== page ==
We are proud that the Haervej is part of our area Ikast-Brande at the small town Engesvang , at the Stenholt Forest and Noerre Snede.
Before the invention of cars and trains, the jutlandic main road went along the watershed through the country all the way from the German border to the town Viborg. Back then the Haervej was not just one road, but a system of humble gravel paths and hollow roads that formed the Haervej as we know it today (stretching over about 250 km).
The Haervej lies on the ridge, that was formed by the ice about 15.000 years ago. From this crest, the watercourses run towards the east or the west before running into the Kattegat or the North Sea.
The history of the Haervej
The many grave mounds along the road testifie to the fact that the Haervej has been an important road in prehistoric times, most likely back in the early Stone Age.
The Haervej was used by traders, who was transporting flint, amber, hides, pottery and oxen to central Europe, and by pilgrims on their way to visit to the grave of the Apostles in Santiago in northern Spain, the Church of St. Peters in Rome or even Jerusalem. The road was also used by armies, which the many ramparts along the roadside testifies to.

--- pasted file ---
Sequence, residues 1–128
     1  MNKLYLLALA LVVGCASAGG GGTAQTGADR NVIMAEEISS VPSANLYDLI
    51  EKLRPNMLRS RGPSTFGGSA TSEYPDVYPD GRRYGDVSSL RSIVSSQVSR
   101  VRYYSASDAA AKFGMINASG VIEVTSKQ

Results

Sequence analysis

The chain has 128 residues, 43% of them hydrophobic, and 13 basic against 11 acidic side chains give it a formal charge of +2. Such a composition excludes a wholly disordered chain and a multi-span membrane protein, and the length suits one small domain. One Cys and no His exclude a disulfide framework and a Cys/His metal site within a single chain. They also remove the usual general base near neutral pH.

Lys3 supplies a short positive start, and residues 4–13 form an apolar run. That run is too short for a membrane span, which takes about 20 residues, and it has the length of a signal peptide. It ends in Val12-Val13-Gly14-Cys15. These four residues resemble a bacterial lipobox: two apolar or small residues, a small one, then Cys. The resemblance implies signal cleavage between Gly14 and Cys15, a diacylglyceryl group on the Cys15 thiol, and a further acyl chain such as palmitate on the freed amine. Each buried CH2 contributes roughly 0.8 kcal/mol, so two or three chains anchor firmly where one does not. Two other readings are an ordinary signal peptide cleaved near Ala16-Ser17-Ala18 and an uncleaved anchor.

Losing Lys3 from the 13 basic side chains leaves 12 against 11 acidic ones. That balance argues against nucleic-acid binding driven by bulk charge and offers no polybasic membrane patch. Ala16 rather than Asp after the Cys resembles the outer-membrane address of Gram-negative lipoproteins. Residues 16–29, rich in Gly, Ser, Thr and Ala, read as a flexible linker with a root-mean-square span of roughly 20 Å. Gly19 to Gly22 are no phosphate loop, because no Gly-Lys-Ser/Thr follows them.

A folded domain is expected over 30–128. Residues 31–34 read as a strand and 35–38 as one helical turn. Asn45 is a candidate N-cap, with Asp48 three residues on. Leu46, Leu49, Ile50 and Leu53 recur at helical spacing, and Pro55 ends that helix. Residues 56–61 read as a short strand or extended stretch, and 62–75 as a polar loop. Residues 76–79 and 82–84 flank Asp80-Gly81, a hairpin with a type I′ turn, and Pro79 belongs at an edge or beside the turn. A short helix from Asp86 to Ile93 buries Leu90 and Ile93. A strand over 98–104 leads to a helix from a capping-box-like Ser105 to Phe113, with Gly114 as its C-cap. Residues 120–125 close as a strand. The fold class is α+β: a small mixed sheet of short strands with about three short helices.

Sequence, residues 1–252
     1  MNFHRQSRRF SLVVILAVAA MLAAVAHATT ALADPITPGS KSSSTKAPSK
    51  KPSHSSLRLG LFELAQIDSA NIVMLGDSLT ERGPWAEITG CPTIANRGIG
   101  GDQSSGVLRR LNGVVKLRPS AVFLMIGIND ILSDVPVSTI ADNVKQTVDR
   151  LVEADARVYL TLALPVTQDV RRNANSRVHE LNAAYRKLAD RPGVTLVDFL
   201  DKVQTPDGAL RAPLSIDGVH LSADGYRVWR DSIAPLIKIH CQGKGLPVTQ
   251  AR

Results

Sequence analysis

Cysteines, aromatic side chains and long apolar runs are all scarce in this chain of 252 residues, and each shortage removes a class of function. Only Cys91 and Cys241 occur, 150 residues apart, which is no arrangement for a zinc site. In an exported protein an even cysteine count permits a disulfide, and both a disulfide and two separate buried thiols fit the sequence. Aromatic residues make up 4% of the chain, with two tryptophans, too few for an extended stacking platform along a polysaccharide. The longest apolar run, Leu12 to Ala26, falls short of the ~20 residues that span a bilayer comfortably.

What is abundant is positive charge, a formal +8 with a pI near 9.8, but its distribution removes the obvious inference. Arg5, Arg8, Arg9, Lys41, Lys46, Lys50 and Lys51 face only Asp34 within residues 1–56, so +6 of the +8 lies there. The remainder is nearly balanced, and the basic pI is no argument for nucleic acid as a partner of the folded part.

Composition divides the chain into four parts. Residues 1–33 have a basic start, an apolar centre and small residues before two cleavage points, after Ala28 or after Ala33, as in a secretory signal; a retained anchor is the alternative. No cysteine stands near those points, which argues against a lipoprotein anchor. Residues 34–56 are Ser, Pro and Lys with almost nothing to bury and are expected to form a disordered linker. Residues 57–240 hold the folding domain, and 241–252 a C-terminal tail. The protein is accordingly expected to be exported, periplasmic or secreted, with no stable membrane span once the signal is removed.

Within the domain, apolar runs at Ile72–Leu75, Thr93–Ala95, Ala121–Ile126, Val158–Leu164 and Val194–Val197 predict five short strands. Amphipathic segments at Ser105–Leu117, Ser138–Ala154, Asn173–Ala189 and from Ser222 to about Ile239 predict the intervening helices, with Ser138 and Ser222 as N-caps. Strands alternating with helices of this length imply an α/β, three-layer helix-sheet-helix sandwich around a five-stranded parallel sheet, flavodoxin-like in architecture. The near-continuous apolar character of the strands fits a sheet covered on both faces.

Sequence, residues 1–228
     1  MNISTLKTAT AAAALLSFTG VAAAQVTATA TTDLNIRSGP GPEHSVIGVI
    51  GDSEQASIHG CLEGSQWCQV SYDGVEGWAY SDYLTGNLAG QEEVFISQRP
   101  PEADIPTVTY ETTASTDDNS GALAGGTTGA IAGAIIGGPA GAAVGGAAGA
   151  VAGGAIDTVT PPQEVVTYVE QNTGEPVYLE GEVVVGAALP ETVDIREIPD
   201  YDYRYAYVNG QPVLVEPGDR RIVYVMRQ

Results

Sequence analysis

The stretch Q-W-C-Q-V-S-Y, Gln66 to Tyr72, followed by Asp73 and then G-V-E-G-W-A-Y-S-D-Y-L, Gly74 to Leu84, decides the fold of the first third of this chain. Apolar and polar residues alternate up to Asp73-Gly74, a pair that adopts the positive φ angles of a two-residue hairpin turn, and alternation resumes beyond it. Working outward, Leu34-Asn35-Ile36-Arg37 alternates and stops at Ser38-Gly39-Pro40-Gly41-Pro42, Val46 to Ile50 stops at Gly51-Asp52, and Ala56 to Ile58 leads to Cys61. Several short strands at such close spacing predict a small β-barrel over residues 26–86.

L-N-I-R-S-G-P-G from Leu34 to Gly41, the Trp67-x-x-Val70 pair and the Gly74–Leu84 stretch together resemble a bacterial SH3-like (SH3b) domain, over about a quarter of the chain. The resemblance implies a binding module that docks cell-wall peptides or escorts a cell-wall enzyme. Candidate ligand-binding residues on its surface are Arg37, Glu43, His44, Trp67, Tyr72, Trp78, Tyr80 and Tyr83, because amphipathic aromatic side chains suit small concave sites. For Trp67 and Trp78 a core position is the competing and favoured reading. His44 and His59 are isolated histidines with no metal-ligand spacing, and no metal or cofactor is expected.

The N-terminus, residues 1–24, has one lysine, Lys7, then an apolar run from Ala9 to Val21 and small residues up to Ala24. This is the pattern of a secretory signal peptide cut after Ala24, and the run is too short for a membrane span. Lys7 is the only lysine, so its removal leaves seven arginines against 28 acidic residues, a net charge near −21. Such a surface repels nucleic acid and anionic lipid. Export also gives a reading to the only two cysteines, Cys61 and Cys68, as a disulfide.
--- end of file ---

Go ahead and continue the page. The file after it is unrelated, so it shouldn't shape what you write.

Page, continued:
During time, the Haervej has had a number of other names: Bullock Road, Ox road, Kings Road, Roman road or simply the Country Road. In southern Jutland many parts of the road are still known as the Ox road . The name Haervej for the route from Viborg to the Danevirke has existed since 1930, where Hugo Matthiessen wrote his book by that title.
The Haervej has never been just one road, rather a network of tracks along the ridge. As one road was driven, another was chosen. In that way the Haervej was formed.
Today the name “Haervejen” means bicycle path and walking path, which were established in the 1980's. At the Haervej is also a bridle path from Viborg to Baekke.
The Haervej has a website with precise information on routes, accommodation, travel packages, pilgrim-travels, history etc.